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The story of Orange George, 'Seinfeld' George, Mount Everest and a puffer jacket

May 26, 2022


The 1922 expedition crew, with George Finch front row, second from left; (inset: George Costanza in his puffer jacket). Wiki Commons/NBC.

By Peter Holmes


Without George Finch - the Orange-born mountaineer and scientist who broke records by climbing more than 8km up Mount Everest in 1922 - would neurotic Seinfeld character George Costanza have ever worn his absurdly puffy puffer jacket?


It's a question absolutely nobody is asking, but one that is worthy of consideration.


This month marks 100 years since Finch - a farmer's son born near Orange who attended Wolaroi College - was part of a team that attempted to scale Mount Everest from Tibet.





Although the expedition didn't succeed, Finch and fellow climber Captain Geoffrey Bruce ultimately reached an altitude of some 8,320 metres - about 500 metres short of the summit.


It was a record that stood until Sherpa Tenzing Norgay and Sir Edmund Hillary reached the summit in 1953.

Finch's family moved from Australia to Europe when he was 14. He studied in France and Switzerland and served in WWI.



[While Finch was serving his wife had a child to another man - the child was named Peter Finch. He went on to become an actor and posthumously won an Oscar for his role in the 1977 film Network.]



George Finch was a pioneer in the use of oxygen during alpine expeditions, which was a controversial development at the time, as some British adventurers felt it was a form of cheating.

According to an excerpt from Mountain Heroes: Portraits of Adventure by Huw Lewis-Jones, published in Adventure Journal in 2013, Finch was a "maverick Australian alpinist who spent a great deal of time fighting skirmishes with the British climbing establishment while on the fringes of selection for the early Everest expeditions".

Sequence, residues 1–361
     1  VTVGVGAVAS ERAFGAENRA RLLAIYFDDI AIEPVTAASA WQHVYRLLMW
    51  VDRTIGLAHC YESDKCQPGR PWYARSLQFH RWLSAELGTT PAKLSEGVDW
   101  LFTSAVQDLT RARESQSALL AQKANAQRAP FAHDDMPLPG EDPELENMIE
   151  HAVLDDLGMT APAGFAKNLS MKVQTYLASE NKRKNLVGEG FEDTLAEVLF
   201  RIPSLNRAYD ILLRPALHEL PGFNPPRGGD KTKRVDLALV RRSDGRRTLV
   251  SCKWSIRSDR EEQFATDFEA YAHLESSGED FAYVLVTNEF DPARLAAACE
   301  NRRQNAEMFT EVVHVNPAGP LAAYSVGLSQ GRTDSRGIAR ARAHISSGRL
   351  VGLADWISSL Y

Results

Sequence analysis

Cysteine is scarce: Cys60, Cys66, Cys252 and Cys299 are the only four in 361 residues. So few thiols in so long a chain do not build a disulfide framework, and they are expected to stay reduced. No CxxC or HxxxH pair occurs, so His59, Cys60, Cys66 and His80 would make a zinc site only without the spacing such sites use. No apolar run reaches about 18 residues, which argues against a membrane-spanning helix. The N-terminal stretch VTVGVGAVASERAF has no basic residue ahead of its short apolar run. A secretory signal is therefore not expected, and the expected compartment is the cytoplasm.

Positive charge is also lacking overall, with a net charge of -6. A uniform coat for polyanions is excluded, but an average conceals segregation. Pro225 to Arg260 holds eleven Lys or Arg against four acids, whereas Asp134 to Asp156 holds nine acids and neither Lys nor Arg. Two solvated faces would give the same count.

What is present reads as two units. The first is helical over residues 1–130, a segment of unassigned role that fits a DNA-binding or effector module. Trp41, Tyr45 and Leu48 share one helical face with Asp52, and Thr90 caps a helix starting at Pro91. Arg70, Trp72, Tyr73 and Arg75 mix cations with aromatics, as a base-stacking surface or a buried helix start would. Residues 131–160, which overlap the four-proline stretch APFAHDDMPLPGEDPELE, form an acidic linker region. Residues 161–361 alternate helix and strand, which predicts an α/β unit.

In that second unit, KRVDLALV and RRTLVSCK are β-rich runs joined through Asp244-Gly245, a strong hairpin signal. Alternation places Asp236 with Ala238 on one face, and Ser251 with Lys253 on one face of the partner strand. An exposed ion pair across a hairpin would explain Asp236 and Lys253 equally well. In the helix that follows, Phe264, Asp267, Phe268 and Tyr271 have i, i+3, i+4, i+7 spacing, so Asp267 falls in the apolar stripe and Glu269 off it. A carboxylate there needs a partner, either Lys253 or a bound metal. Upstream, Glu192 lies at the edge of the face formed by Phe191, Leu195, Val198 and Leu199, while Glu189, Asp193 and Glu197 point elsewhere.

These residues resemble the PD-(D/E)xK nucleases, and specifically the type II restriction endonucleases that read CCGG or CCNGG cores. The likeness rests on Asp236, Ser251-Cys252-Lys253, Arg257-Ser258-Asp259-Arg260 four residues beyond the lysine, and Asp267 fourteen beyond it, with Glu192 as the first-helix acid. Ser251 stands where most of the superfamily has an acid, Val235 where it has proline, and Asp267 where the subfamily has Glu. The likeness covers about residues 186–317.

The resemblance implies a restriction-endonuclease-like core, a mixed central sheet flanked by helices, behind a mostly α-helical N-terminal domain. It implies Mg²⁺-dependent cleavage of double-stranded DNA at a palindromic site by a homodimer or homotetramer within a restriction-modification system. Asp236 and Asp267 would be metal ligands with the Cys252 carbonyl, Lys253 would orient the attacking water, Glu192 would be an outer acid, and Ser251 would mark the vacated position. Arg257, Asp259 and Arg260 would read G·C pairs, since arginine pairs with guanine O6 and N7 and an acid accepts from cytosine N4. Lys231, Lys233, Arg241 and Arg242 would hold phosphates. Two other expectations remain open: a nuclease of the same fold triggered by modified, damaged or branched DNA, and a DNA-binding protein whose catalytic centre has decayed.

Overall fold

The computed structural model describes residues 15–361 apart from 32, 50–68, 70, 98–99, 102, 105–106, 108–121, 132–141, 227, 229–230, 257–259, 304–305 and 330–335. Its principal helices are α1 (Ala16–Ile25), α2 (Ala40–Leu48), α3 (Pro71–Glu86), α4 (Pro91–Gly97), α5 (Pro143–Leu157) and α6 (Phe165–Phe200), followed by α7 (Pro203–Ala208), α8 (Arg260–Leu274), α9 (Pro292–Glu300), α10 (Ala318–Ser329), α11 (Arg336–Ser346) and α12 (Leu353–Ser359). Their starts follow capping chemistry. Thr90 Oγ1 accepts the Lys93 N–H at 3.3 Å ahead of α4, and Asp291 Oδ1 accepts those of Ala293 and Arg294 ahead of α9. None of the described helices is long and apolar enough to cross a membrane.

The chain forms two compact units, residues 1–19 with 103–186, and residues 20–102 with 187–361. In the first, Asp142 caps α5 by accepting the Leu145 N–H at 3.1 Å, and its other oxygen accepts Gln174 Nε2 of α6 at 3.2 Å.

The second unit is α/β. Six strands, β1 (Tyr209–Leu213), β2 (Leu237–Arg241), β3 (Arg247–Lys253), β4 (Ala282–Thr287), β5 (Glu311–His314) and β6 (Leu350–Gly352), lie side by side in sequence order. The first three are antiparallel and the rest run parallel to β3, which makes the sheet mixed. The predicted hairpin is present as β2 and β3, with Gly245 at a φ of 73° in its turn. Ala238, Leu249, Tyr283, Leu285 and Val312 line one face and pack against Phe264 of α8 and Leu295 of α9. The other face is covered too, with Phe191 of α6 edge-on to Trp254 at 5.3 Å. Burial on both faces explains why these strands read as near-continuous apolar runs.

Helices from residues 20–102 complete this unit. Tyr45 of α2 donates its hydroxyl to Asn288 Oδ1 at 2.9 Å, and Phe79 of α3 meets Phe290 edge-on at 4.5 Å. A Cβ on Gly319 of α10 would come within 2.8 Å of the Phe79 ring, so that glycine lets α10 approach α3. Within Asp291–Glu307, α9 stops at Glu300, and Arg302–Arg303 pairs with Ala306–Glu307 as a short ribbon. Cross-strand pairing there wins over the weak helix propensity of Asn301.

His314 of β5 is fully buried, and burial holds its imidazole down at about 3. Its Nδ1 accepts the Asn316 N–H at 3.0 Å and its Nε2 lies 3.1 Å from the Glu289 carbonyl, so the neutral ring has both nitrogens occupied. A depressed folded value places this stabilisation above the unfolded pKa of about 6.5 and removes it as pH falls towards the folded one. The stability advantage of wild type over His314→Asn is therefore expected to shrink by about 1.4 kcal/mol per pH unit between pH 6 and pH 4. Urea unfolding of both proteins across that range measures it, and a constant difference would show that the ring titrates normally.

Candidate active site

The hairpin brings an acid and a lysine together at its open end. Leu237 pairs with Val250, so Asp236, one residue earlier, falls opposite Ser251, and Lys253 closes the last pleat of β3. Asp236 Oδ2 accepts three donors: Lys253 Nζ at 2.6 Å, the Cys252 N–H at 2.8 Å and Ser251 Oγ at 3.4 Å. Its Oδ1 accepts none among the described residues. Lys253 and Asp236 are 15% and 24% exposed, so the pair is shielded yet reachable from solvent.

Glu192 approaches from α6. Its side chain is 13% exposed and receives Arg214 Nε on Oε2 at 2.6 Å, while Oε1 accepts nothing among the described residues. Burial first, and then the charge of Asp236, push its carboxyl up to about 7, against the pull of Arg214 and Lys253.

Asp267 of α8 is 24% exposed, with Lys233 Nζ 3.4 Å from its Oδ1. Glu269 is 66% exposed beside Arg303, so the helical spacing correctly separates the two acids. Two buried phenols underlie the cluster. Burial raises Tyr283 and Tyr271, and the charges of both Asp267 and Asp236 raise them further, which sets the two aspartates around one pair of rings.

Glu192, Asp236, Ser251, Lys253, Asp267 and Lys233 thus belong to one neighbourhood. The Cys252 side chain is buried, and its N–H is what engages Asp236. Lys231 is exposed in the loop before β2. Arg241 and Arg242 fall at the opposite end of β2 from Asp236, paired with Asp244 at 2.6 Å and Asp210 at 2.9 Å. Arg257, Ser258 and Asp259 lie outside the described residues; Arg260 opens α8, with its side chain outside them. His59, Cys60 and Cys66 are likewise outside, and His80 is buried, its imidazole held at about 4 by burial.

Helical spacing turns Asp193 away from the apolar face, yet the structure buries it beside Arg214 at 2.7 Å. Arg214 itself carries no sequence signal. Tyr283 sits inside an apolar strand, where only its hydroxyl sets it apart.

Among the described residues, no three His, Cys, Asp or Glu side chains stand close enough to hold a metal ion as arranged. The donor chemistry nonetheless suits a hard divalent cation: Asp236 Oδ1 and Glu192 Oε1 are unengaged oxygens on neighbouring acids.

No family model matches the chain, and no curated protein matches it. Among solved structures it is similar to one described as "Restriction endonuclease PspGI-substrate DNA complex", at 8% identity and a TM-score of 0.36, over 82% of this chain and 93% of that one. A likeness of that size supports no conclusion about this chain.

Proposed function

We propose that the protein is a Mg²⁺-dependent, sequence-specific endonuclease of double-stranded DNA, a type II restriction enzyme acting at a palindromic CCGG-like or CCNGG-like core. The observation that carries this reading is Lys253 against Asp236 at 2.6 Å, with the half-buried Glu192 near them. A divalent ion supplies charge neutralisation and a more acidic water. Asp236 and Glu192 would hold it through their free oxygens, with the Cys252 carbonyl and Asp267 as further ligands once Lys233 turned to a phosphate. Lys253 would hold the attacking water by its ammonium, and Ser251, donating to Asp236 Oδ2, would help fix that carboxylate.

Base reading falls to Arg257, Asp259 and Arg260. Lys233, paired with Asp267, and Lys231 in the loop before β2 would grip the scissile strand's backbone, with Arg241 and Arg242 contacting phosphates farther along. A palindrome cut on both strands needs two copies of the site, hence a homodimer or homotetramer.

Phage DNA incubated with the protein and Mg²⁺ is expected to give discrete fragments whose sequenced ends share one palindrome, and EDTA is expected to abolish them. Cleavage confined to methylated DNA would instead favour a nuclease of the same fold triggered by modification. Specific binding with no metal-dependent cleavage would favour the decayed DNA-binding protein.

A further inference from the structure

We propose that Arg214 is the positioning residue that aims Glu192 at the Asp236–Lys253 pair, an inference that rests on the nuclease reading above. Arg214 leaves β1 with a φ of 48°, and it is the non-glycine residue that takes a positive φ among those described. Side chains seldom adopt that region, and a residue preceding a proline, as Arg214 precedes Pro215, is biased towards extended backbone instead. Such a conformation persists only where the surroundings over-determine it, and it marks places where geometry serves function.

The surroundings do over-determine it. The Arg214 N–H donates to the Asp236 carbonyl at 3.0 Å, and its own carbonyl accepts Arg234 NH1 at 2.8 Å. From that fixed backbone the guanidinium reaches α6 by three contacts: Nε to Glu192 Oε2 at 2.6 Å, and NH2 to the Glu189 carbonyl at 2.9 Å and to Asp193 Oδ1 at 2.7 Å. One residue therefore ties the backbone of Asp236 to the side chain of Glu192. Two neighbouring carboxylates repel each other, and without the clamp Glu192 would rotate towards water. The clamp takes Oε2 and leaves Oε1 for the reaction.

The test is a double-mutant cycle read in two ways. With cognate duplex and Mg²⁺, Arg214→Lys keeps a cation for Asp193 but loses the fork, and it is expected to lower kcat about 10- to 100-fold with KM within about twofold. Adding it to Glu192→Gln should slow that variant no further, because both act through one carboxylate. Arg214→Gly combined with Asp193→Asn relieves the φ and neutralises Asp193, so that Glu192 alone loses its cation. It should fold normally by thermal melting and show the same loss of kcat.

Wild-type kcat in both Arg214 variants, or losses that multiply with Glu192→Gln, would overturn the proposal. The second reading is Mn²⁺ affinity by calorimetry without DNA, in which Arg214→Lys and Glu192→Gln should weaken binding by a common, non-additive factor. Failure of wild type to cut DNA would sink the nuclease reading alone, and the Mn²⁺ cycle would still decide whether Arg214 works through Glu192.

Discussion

George Finch with his puffer jacket. Alpine Journal/Wiki Commons.

"He should have been an automatic choice for the first Everest reconnaissance in 1921," Lewis-Jones wrote.




"But Finch was neither a member of the Alpine Club, nor had he been to a public school [the equivalent of our private school] or a British university ... More in tune with the 1960s than the 1920s, he grew his hair long and rarely wore a hat, unless specifically forced to."


Upon seeing a 1922 photograph of Finch mending his own boots - instead of letting a servant do it - the deputy leader of the 1922 Everest expedition Edward Strutt commented: "I always knew the fellow was a shit”.


"As far as most of the Establishment was concerned, the uncouth Aussie was quite simply 'not one of us'," Lewis-Jones wrote. "As a result, he was unfairly overlooked."





Journalist Robert Wainright, who wrote the George Finch biography Maverick Mountaineer, told the ABC in 2019: "[Finch] was a colonial, he had long hair, which in those days meant it went to his shoulders, and he'd been divorced.


"It's Gore Tex!" Jason Alexander as George Costanza in 'Seinfeld'. NBC.

"He came across as an arrogant figure at times [but] it was more that he was a confident person in himself who wouldn't lie down to anyone."



Finch also created a custom-made puffer jacket for the 1922 expedition, using bright green fabric from a hot air balloon, filled with eiderdown.

"The colour alone would have made him the butt of jokes," Wainwright told the ABC. "The others were dressed in various forms of tweed and looking fabulous."



The ABC reported that Wainright found a receipt for the puffer in the archives of the Royal Geographic Society in London: "It was from SW Silver and Co, outfit contractors and manufacturers of camping equipment.


"An accompanying note said, 'We are sending you herewith an eiderdown lined coat, trousers and gauntlets ... These garments have been made to the order of Captain Finch of the Mount Everest expedition'.



"Behind the scenes, Alpine Club leaders were sending each other notes mocking Finch's puffer jacket. 'They have contrived the most wonderful apparatus that will make you die of laughing', wrote expedition secretary Arthur Hinks. 'Pray see that a picture of Finch in his patent climbing outfit with the oxygen apparatus is taken by the official photographers'."



Seventy-two years after Finch was mocked for his puffer jacket creation, Jason Alexander's character George Costanza was mocked for sporting an enormous puffer jacket in the Seinfeld episode "The Dinner Party".



And thus a link joining Orange George and Seinfeld George was established. By George, for George.

Gossamer thin, yes, but a link nonetheless.

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